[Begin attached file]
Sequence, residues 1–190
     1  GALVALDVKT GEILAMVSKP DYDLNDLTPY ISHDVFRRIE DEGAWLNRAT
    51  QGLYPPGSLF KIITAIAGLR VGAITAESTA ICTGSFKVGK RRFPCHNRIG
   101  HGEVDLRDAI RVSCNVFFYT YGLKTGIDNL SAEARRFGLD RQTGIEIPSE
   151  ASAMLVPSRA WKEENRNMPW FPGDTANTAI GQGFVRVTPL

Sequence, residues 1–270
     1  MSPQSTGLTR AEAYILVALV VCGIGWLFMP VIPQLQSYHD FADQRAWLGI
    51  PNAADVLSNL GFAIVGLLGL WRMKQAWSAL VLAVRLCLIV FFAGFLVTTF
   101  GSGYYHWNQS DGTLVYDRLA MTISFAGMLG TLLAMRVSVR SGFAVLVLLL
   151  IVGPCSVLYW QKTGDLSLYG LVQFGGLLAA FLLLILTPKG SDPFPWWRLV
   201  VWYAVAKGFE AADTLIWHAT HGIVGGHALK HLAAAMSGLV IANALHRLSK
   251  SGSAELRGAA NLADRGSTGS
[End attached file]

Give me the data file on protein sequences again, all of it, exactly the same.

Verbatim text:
Sequence, residues 1–190
     1  GALVALDVKT GEILAMVSKP DYDLNDLTPY ISHDVFRRIE DEGAWLNRAT
    51  QGLYPPGSLF KIITAIAGLR VGAITAESTA ICTGSFKVGK RRFPCHNRIG
   101  HGEVDLRDAI RVSCNVFFYT YGLKTGIDNL SAEARRFGLD RQTGIEIPSE
   151  ASAMLVPSRA WKEENRNMPW FPGDTANTAI GQGFVRVTPL

Sequence, residues 1–270
     1  MSPQSTGLTR AEAYILVALV VCGIGWLFMP VIPQLQSYHD FADQRAWLGI
    51  PNAADVLSNL GFAIVGLLGL WRMKQAWSAL VLAVRLCLIV FFAGFLVTTF
   101  GSGYYHWNQS DGTLVYDRLA MTISFAGMLG TLLAMRVSVR SGFAVLVLLL
   151  IVGPCSVLYW QKTGDLSLYG LVQFGGLLAA FLLLILTPKG SDPFPWWRLV
   201  VWYAVAKGFE AADTLIWHAT HGIVGGHALK HLAAAMSGLV IANALHRLSK
   251  SGSAELRGAA NLADRGSTGS